FLC Associate Professor of Biology Julie Korb in the field with her students.
FLC Associate Professor of Biology Julie Korb in the field with her students.

Sara Bombaci
Sara Bombaci

FORT COLLINS - Earning a degree from the Fort Lewis College Biology program is a challenge, but the opportunities it opens up for a student is worth the hard work. Just ask FLC alumna Sara Bombaci.

Sara, currently a graduate student at Colorado State University, was awarded a National Science Foundation Graduate Research Fellowship in November. The award will give her $30,000 plus tuition to conduct her research.

“I am developing a research project to investigate how songbirds and small mammals respond and contribute to large scale habitat restoration in the Piceance Basin in northwest Colorado,” Sara explains.

This particular area of Colorado has been the site of oil and natural gas extraction for decades, activities that have impacted the land. There are efforts underway to restore some of the lost habitat for the area wildlife, but those efforts are targeted mainly at larger animals, such as the mule deer. Sara’s looking out for the little guys.

“It is unknown how the non-target wildlife community will respond to these restoration efforts,” she says, “and I aim to investigate a portion of that by studying the songbird and small mammal community.”

A National Science Foundation Fellowship is a special honor for any student, but to earn one so early in an academic career, like Sara has, is exceptional.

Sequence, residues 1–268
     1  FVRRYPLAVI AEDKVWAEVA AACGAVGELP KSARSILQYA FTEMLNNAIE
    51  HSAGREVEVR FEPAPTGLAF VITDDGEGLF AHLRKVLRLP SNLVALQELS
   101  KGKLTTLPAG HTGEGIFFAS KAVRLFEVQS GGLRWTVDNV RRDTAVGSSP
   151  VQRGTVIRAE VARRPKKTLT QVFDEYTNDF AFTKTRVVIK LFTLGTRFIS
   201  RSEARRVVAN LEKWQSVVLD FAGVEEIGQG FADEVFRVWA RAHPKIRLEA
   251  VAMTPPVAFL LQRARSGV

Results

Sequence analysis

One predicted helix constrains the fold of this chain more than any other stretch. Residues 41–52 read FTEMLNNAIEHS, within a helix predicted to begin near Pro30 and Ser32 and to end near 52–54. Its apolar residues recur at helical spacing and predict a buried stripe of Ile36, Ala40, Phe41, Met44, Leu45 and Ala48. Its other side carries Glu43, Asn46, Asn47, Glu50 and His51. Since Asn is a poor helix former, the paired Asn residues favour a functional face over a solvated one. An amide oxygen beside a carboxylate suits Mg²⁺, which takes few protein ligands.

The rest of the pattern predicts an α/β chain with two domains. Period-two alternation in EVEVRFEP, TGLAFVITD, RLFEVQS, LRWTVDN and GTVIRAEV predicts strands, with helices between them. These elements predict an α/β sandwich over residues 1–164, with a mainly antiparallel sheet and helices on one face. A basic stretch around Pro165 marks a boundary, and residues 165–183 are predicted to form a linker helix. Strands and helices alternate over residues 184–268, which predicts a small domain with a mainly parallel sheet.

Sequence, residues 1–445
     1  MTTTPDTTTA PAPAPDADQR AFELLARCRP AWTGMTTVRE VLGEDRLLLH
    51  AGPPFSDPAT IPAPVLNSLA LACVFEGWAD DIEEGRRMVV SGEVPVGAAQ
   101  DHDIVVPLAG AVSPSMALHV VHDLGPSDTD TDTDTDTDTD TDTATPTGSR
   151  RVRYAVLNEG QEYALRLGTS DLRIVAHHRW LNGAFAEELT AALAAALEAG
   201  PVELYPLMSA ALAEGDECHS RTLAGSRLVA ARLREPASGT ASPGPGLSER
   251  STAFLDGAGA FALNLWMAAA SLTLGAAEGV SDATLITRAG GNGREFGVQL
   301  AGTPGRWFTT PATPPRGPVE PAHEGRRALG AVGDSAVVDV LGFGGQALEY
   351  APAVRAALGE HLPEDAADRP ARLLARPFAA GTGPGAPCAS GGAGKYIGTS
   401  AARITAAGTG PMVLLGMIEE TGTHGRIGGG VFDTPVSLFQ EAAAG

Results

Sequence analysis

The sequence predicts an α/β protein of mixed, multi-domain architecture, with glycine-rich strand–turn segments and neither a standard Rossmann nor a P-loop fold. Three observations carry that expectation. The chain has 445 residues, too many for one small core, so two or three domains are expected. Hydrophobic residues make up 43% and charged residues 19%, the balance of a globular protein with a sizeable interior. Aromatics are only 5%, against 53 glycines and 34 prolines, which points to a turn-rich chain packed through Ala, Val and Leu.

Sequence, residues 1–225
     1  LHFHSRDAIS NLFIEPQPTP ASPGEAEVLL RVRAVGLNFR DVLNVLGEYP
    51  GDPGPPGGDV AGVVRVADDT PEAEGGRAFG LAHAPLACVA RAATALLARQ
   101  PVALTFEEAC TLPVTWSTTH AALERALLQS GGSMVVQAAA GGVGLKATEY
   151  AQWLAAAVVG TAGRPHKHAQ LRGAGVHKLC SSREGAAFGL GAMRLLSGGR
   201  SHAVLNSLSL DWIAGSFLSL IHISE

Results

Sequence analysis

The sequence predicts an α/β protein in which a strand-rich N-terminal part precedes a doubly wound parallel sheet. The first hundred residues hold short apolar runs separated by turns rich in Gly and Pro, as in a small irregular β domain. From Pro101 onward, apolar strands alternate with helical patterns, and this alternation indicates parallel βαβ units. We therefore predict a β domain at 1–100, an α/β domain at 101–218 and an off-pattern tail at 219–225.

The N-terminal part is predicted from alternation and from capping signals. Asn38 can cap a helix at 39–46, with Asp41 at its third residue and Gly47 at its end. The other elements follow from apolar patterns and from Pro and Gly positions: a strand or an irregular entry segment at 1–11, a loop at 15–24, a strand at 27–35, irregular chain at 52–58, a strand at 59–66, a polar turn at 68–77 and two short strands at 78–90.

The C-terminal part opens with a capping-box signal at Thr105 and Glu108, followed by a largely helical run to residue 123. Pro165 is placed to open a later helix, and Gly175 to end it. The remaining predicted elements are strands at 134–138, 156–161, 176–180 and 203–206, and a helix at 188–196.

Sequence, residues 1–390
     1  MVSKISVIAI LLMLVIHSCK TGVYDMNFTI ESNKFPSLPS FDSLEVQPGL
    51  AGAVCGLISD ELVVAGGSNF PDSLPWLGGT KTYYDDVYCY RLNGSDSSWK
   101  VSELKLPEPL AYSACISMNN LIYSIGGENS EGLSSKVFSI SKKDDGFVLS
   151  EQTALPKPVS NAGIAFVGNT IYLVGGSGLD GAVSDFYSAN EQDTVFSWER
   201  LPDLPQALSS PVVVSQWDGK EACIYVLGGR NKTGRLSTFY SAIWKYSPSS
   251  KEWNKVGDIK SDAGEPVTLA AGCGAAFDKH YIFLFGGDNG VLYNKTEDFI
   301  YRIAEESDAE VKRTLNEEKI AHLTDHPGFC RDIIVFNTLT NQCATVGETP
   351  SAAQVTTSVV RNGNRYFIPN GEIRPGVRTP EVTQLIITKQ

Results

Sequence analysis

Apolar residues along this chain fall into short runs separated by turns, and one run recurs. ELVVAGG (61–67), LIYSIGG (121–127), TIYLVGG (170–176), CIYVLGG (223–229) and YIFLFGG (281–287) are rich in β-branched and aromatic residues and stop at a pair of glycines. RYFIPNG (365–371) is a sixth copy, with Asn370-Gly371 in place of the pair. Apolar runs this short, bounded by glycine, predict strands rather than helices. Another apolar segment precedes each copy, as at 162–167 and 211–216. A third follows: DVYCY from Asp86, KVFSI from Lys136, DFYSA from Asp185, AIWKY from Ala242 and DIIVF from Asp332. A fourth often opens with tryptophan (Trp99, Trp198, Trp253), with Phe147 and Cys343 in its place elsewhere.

“It is rare for a student with a bachelor's degree to get this award, “says FLC Associate Professor of Biology Dr. Julie Korb, “which is an extremely prestigious accomplishment and speaks highly of the [FLC] Biology Department and Fort Lewis College and how we are preparing our students for success after FLC.”

Sara is also quick to point out how much her time at Fort Lewis helped her get to where she is today.

“My experience at FLC played an integral role in my success,” she says. “In particular, my experience working on my undergraduate thesis project was exceptionally beneficial. Working on this project not only helped me to understand the entire academic research process, from developing a proposal and collecting/analyzing data to writing up a manuscript, but it also gave me a wonderful opportunity to connect with FLC Biology Department faculty in a more personal way.”

The undergraduate thesis project is a personal research project that FLC science students complete before they graduate. The project involves creating, conducting and presenting unique research of the student’s choosing. It’s a great way to help students prepare for the rigorous research they’ll be conducting in graduate school.

But projects like the undergraduate thesis would not work if it wasn’t for the tremendous faculty at Fort Lewis mentoring their students. Sara acknowledges FLC Biology faculty Dr. Korb, Dr. Erin Lehmer, Dr. Joseph Ortega, and Dr. Cynthia Dott as being particularly influential in helping her succeed.

“I truly feel that the faculty in the FLC Biology Department made all the difference in the world with regards to my success and I owe part of my accomplishments to them,” she says. “I certainly feel that I could not have been as successful elsewhere because I would not have had as many wonderful opportunities to gain experience and work with faculty as I did at FLC.”